Recent headlines would suggest that sparkling water (carbonated water) might not be such a great alternative to just plain old water. But is bubbly, carbonated water really that bad?
Before bubbly water enthusiasts panic, it is important to note that while headlines denouncing this or that beverage or food can make for splashy headlines (pun intended) the truth rarely lives up to the eyeball-grabbing titles. Fact-based and evidence-supported science is what any good dentist, surgeon, or medical professional will adhere to by looking strictly at the facts.
So, with the hype put to the side, for now, let us dive in.
Sparkling Water vs. Plain Water
What we know about sparkling water (or carbonated water), compared to plain water, is that it is generally more acidic.
Furthermore, flavored sparkling waters, which typically contain citric acids, can be even more corrosive.
However, compared to a soda, coffee, tea, juices, and any number of other popular beverages with the exception of purified water, the acidity of sparkling water seems downright trivial. Unfortunately, while those other beverages might be very bad for your teeth, acidity in sparkling water can still be damaging.
When imbibed every day, the carbonic acid in sparkling water, which gives it its satisfying fizz, can still gradually wear away your enamel. One study, for example, demonstrated that when dental enamel is exposed to sparkling water for 30 minutes, the corrosive effects were roughly similar to those of extremely acidic citrus juices. While most people aren’t soaking their teeth in sparkling water baths for 30 minutes at a time, the study does demonstrate that sparkling water does indeed corrode teeth. Ultimately, sparkling water is generally more acidic than plain still water and will, therefore, erode enamel over time.
"Our verdict? Stick with regular water. But if it comes to choosing between a seltzer or a cola, go with the sparkling water for healthier teeth."
--- DR. REZA KHAZAIE, DDS. PROSTHODONTIST
Understanding Acid Corrosion
Acid is the bane of teeth. Most people consider harmful oral bacteria the progenitors of dental decay and the ultimate enemy. However, these destructive microbes don’t directly attack teeth as they are often portrayed too. Rather, they harm teeth, and in particular the protective enamel and dentin layers of the teeth, through the acidic byproducts they create while synthesizing sugars.
In a sense, without this acidic waste, these oral bacteria would be no more harmful to us then the multitudes of helpful microbes that live in our guts. Unfortunately for us, however, there are a number of bacterial strains that love sugar and produce acid as a result.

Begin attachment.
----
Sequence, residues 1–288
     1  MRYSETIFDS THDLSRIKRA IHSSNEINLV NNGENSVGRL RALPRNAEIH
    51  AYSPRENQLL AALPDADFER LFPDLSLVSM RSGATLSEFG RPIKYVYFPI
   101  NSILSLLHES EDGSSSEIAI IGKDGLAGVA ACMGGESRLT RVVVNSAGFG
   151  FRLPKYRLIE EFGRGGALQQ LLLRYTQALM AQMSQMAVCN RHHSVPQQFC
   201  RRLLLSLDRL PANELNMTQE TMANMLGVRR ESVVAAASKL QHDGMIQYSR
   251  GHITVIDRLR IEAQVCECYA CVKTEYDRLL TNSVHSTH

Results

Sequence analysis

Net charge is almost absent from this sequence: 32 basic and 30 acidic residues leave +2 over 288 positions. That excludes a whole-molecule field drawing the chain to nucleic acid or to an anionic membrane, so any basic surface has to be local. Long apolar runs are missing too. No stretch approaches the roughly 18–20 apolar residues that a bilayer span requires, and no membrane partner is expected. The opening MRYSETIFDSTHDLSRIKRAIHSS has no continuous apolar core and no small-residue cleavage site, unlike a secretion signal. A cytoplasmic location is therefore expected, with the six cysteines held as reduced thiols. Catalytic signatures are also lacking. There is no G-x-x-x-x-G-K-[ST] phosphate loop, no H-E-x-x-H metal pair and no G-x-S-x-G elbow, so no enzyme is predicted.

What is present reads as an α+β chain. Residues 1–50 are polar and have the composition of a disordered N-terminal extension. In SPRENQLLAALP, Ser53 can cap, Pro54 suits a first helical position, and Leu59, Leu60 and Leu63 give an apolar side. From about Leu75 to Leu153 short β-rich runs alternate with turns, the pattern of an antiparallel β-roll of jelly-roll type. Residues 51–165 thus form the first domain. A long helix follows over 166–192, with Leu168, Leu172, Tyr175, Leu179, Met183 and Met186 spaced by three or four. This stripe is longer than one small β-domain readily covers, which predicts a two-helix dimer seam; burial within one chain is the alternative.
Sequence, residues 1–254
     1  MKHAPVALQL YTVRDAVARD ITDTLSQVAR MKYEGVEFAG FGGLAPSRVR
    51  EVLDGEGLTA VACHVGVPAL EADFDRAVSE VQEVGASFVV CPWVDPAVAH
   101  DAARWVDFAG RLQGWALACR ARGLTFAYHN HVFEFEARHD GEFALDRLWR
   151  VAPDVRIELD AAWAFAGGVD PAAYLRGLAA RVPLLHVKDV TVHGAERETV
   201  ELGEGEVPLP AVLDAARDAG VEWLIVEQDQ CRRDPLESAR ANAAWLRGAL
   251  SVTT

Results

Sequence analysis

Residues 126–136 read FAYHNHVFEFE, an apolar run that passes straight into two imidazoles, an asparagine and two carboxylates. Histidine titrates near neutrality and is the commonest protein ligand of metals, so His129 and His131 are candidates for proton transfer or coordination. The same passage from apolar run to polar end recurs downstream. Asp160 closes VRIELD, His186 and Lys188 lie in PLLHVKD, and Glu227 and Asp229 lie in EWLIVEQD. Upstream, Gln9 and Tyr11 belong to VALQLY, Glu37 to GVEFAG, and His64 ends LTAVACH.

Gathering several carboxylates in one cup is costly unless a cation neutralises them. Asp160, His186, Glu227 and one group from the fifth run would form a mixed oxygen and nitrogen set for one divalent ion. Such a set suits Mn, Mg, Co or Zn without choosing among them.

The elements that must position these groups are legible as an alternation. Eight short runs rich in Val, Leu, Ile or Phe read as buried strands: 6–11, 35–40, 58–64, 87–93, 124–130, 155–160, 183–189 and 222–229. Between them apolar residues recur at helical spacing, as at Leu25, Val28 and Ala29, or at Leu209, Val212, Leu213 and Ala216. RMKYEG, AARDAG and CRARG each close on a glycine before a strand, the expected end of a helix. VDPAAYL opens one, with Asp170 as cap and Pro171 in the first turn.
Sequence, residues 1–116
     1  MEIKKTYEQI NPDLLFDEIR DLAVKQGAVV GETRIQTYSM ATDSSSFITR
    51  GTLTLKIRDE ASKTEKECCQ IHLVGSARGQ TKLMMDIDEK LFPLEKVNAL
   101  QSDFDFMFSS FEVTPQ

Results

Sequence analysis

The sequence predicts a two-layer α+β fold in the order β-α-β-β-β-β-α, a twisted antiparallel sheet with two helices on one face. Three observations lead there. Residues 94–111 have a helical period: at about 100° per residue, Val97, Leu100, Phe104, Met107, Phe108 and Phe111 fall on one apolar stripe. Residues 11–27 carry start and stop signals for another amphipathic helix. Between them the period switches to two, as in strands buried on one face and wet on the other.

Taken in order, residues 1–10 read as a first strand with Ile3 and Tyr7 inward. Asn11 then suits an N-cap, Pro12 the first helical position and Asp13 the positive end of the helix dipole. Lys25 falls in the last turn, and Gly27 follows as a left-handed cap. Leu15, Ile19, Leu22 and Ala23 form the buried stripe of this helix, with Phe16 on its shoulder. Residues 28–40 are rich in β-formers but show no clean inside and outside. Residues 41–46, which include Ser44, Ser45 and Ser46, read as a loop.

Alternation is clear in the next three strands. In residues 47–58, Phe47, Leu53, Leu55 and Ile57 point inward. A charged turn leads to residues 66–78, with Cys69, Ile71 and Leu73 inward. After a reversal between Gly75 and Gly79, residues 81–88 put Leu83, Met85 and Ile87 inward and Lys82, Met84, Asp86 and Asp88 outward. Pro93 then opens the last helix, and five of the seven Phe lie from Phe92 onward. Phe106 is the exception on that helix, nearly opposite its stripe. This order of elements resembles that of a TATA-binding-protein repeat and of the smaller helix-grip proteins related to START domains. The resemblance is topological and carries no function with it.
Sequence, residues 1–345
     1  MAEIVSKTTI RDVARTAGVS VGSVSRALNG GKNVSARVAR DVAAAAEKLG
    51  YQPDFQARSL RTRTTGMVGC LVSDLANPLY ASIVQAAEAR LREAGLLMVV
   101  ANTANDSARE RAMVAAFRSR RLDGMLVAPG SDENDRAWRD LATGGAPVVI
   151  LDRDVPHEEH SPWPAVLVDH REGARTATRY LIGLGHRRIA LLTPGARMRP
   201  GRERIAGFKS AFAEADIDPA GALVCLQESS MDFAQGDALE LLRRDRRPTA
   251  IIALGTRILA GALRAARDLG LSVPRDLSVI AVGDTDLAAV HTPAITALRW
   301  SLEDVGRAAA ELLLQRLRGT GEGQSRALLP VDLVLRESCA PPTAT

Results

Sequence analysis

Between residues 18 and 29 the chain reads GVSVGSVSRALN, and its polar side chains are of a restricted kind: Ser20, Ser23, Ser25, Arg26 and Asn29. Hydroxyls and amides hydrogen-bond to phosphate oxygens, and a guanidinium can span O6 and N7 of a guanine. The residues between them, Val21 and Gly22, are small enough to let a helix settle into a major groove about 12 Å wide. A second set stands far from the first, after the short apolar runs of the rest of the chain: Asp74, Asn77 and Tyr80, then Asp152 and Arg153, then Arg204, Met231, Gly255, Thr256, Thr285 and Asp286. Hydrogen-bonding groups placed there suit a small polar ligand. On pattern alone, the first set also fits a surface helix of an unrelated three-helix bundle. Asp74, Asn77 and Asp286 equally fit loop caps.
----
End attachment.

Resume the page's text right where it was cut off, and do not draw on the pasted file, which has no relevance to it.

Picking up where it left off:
In this sense, acid is a two-pronged threat. First, direct contact with acidic substances, such as sparkling water, can gradually physically wear away teeth.
Secondly, acidic byproducts produced by uncontrolled bacterial proliferation contribute to a process known as demineralization. In a balanced and healthy oral microbiome, some demineralization and subsequent remineralization are normal.
Some minerals in teeth are lost due to bacteria and acidic substances, however, healthy teeth are able to regain some of their minerals with time. In other words, teeth can, to a limited extent, repair the superficial damage. However, acid exposure over a long period of time, whether as a result of neglecting dental hygiene or exposing teeth to too much acid, can result in permanent demineralization and damage.
Signs of demineralization in teeth include translucent edges, white spots and other lesions on the tooth, sensitivity, and visible discoloration, small pits, and holes.
But Wait, There’s More --- Bottled Water
As it turns out, even so-called plain bottled water isn’t always the safest option. Bottled waters, depending on their source or point of origin and the bottling company can also have varying degrees of acidity. That’s right, that bottled water you thought was the safest beverage for your teeth might actually be slowly corroding your enamel.
Sparkling Water --- The Perfect Substitute?
Sparkling water may be slightly more acidic, and therefore more corrosive than perfectly PH neutral plain water. However, compared to other beverages someone might choose, such as soda loaded with sugar or highly acidic juices, sparkling water is beyond a doubt the better choice.
Many experts condone the consumption of sparkling water, within reasonable limits, on those exact grounds. Other experts go so far as to say that there is no genuinely measurable or noticeable difference between drinking sparkling or still water on teeth. In other words, sparkling water is just as safe for your teeth as regular plain water.
Sparkling, carbonated water might not be the perfect beverage, and certainly not as safe as flat purified water, but it is miles better than soda.
Our verdict? Stick with regular water. But if it comes to choosing between a seltzer or a cola, go with the sparkling water for healthier teeth.
Dentists Concord, CA
Willow Pass Dental Care is dedicated to providing the best dental care, including preventative dentistry, for both children and adults. Dr. Reza Khazaie will also be able to identify any worrying signs of dental malaise best before it gets out of hand, address any pressing dental concerns, and provide you with the care and advice you and your child need to build healthy dental habits.